The ideal test of Hamilton and Archetti’s theory would be a controlled trial: Take two groups of red-leaf trees, expose only one group to insect pests, and observe them for many generations. If red is a warning signal, then you would expect this trait to disappear in the population of trees freed from the selective pressure of insect predation. Of course, the experiment would be impractical—no scientist today would live to see its end. Archetti, however, found a clever workaround.
In a 2009 paper, he compared populations of wild apple trees with their domesticated relatives, which farmers began breeding 2,000 years ago.6 Insects still attack domestic trees, but humans control tree breeding. Whether or not a tree avoids an insect infestation therefore has much less bearing on whether it produces progeny. Archetti reasoned that, without this adaptive pressure, red leaves would eventually be bred out of the apple tree. Indeed, this evolutionary reversal already appears to be happening: In Central Asia, Archetti reported, leaves turn red in 62 percent of wild apple trees but in only 39 percent of domesticated ones. Likewise, he points out, wild apricot and walnut trees in Asia tend to turn red-orange while European cultivations remain green or turn yellow.
According to Archetti’s game theoretic model, the red-hued trees should also be the most harmful to insects. Archetti tested this hypothesis by observing aphid colonies on 40 apple trees with green leaves, 40 with yellow leaves, and 40 with red leaves. The bugs settled the trees in fall, and by summer, about two-thirds of the offspring from the green-leaf colonies, and about half from the yellow-leaf colonies, survived. In red-leaf colonies, however, the survival rate was only one-third, suggesting that some unknown feature of red-leaf trees was interfering with breeding. In 2012, researchers in New Zealand studying the light brown apple moth, another apple tree pest, showed that a diet of red leaves killed moth larvae or significantly slowed their development.7
Still, some experts maintain that the evolution of fall colors, even red, has nothing to do with insects. “There’s a bias among evolutionary biologists to see color as a visual signal,” when often it is just a side effect of cellular processes, says David Lee, a retired botanist, previously at Florida International University. Other experts no longer see a point in arguing. “Actually there is not a conflict if autumn colors have more than one primary function,” says Jarmo Holopainen, an ecologist at the University of Eastern Finland. Kevin Gould, an ecophysiologist in New Zealand, agrees. Protection from sun damage may have been “the primary driving force for the evolution of red leaves,” he says, “but the pigments may have been co-opted for other functions,” such as deterring pests.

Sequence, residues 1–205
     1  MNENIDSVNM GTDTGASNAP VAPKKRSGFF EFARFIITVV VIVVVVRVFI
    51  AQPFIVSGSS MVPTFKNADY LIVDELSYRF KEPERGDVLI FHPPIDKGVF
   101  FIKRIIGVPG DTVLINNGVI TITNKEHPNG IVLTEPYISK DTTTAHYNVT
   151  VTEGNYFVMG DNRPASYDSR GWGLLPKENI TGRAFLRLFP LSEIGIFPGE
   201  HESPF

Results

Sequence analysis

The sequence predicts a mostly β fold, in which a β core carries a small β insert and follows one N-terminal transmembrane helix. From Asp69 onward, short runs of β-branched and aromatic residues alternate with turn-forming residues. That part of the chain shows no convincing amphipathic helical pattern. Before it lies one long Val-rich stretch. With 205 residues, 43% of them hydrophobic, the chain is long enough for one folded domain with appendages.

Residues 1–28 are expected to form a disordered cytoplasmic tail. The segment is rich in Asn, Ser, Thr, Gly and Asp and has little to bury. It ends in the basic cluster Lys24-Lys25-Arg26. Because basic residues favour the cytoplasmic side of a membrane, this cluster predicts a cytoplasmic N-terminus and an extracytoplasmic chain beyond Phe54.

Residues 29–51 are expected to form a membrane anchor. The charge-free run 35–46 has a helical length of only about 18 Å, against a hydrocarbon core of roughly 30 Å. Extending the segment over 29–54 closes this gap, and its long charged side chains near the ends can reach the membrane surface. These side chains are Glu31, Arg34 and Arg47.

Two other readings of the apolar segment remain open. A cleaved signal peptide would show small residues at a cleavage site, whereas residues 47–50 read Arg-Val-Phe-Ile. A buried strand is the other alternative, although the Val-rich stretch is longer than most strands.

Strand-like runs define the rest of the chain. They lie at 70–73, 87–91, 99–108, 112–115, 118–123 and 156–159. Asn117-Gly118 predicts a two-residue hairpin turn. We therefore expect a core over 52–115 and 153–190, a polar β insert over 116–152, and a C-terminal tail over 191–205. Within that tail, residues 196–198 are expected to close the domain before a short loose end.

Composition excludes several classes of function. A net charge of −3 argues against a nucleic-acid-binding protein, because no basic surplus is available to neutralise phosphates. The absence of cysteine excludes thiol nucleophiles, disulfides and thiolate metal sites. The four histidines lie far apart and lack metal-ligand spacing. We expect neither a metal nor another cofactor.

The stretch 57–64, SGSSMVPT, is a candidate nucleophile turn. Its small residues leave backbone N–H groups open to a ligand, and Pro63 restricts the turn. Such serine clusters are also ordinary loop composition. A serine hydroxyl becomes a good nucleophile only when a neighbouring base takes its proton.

Part of the lasting power of Hamilton’s hypothesis may be its aesthetic appeal. Even Marion Newbigin, who more than 100 years ago saw no evidence that autumn coloration was “of the slightest use,” couldn’t resist the possibility that Darwinian forces were at work. “And yet,” she wrote in 1898, “it often displays to an extraordinary degree that beauty and perfectness which we are accustomed to regard as the result of the action of Natural Selection.”
Brian Gallagher is an assistant editor at Nautilus.
This article previously appeared in Nautilus.
1. Hamilton, W.D. & Brown, S.P. Autumn tree colours as a handicap signal. Proceedings of the Royal Society B 268, 1489-1493 (2001). ⤶
2. Archetti, M. The origin of autumn colours by coevolution. Journal of Theoretical Biology 205, 625-639 (2000). ⤶
3. Schaefer, H.M. & Wilkinson, D.M. Red leaves, insects and coevolution: A red herring? Trends in Ecology and Evolution 19, 616-618 (2004). ⤶
4. Chittka, L. & Döring, T.F. Are autumn foliage colors red signals to aphids? PLoS One Biology 5, e187 (2007). ⤶
5. Döring, T.F., Archetti, M., & Hardie, J. Autumn leaves seen through herbivore eyes. Proceedings of the Royal Society B 276, 121-127 (2009). ⤶
6. Archetti, M. Evidence form the domestication of apple for the maintenance of autumn colours by coevolution. Proceedings of the Royal Society B 276, 2575-2580 (2009). ⤶
7. Markwick, N.P., et al. Red-foliaged apples affect the establishment, growth, and development of the light brown apple moth, Epiphyas postvittana. Entomologia Experimentalis at Applicata 146, 261-275 (2013). ⤶